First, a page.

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The Story Behind Holy Week's Most Visited Pilgrimage Site Edit

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Colleen Cabili  • Contributor
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TWO MILLION PEOPLE ARE EXPECTED to see the Minor Basilica of Our Lady of Manaoag in Pangasinan this Holy Week. Hailed as the Catholic Mecca of northern Luzon, the Manaoag Basilica is also flocked by thousands upon thousands of devotees during its feast days, which fall on the third Wednesday after Easter and the first Sunday of October.

First time to visit #Manaoag #ManaoagChurch #Pangasinan

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The statue of the Our Lady of Manaoag is carved out of ivory and dressed in golden regalia. She has half-opened, large, almond eyes and has the most pleasant, motherly face. When you gaze at her, she looks like she can bestow forgiveness to even the worst of sinners.

Upon their visit, devotees touch the helm of the Our Lady's mantle, which dates back to the early 17th century. To prevent attempts of theft and burglary, the venerated image is encased in thick bulletproof glass, save for a small window at the bottom where devotees can put a hand in.

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These devotees are deep in prayer in front of the venerated statue.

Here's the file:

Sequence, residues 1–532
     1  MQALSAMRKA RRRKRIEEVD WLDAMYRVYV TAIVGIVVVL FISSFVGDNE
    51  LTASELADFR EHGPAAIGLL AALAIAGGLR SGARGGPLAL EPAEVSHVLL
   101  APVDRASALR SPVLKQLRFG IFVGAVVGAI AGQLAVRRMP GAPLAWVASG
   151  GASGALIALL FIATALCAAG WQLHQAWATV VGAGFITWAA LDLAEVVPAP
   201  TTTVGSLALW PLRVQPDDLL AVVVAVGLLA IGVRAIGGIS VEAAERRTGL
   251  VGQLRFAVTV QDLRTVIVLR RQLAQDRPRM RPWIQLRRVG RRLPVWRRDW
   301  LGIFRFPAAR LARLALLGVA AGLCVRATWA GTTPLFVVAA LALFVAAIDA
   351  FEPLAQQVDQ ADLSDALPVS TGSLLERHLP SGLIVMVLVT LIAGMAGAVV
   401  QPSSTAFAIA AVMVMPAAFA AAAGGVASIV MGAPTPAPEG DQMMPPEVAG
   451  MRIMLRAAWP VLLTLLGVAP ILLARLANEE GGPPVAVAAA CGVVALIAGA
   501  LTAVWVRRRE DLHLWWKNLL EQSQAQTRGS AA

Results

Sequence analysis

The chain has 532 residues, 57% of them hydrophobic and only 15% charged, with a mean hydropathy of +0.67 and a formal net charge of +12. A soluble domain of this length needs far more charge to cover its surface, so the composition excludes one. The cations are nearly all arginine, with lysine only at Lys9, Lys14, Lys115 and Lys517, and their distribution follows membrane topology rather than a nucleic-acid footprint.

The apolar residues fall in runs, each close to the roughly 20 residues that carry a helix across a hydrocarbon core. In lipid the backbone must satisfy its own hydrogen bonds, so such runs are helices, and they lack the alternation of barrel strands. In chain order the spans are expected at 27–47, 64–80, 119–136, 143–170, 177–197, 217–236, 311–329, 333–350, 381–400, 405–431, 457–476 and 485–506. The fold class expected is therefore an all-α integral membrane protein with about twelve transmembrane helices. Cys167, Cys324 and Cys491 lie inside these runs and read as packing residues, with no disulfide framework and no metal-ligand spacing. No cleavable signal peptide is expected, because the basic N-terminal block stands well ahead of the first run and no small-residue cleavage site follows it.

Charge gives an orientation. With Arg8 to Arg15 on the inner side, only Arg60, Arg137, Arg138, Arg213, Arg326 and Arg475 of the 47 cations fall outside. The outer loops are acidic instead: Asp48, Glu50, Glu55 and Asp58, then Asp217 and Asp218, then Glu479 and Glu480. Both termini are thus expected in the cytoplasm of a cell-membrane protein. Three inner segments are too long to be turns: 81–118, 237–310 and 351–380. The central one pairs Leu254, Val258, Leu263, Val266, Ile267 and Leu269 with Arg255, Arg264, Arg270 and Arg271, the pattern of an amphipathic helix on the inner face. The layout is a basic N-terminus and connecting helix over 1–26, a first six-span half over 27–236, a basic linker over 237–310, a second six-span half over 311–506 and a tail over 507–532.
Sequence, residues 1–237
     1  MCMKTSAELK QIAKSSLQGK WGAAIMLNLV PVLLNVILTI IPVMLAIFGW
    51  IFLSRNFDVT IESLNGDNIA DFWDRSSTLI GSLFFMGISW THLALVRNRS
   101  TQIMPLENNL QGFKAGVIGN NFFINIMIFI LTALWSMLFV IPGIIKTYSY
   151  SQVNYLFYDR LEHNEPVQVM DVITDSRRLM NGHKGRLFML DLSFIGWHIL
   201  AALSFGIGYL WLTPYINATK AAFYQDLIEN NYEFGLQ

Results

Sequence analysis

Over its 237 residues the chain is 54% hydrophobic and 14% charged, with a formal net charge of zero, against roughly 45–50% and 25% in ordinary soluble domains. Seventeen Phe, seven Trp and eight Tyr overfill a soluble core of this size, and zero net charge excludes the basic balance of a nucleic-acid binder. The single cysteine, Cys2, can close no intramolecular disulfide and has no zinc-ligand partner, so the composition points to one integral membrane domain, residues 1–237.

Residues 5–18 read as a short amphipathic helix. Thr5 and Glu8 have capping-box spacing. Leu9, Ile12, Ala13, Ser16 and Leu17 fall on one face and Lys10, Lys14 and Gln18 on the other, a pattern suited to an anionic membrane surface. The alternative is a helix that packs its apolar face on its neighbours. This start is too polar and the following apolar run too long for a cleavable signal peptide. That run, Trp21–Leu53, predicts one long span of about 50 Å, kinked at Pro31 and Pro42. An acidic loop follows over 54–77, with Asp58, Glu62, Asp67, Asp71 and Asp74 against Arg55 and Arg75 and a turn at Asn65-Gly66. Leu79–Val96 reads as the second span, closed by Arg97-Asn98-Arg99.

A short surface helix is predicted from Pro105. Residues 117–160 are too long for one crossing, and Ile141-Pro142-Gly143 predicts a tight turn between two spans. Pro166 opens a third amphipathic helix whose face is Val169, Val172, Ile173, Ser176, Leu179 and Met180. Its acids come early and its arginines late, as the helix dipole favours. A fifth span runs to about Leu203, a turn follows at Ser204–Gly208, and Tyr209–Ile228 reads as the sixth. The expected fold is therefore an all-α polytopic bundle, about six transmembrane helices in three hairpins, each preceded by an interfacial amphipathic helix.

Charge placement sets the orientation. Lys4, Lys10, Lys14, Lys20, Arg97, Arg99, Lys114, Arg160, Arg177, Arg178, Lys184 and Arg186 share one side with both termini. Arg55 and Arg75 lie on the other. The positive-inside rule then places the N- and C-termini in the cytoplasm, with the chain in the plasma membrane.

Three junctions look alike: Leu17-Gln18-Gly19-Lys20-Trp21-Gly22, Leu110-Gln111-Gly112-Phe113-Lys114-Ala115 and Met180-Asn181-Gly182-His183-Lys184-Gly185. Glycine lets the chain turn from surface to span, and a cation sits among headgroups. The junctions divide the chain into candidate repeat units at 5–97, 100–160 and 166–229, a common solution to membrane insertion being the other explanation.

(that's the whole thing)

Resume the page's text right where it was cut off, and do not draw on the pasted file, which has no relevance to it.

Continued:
The church’s origins can be traced from a miraculous encounter between the Virgin Mary and a local farmer in the late 1600s. On his way home from toiling the soil the whole day, the worker heard a woman's voice calling him from out of nowhere.


Upon looking up, he saw an apparition of the Virgin Mary herself, clothed in white on top of a tree, a rosary on her left hand and the Child Jesus perched in her left arm. She beckoned him to build a chapel in her honor.


Until now, the church stands steadfast on the exact site where the first sighting took place. Manaoag means “to call” in Pangasinan and Ilocano. 

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An old lady lights a candle.

Since the Virgin Mary's first appearance, more miracles and sightings followed through the years, and along with the original apparition, some of the sightings are immortalized through murals that decorate the walls of the church.


Devotees swear by the miracles the Our Lady of Manaoag grants them. They claim that seeing her during Holy Week is not even enough of a gratitude for the good fortune and answered prayers that they have received. To them it is not a matter of testing their faith, but a simple token of thanks—an act of devotion—when they make their way to Pangasinan to touch the statue even just for a brief second.

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The 17th century statue of Our Lady of Manaoag, protected by a thick bulletproof glass, looms at the altar.

How to get there

There are several bus lines in Cubao that offer daily trips to Pangasinan. The travel time used to range from 5 to 8 hours, but after the construction of TPLEX, it was shortened to less than 3 hours. Just ask the conductor to drop you off at Urdaneta City. From there, head over to the tricycle terminal near BPI and ride one to Manaoag. 


What about you? What would you make your way for this Holy Week? If you’re one of the devotees heading straight to Pangasinan this season of Lent, let us know how your trip goes! 


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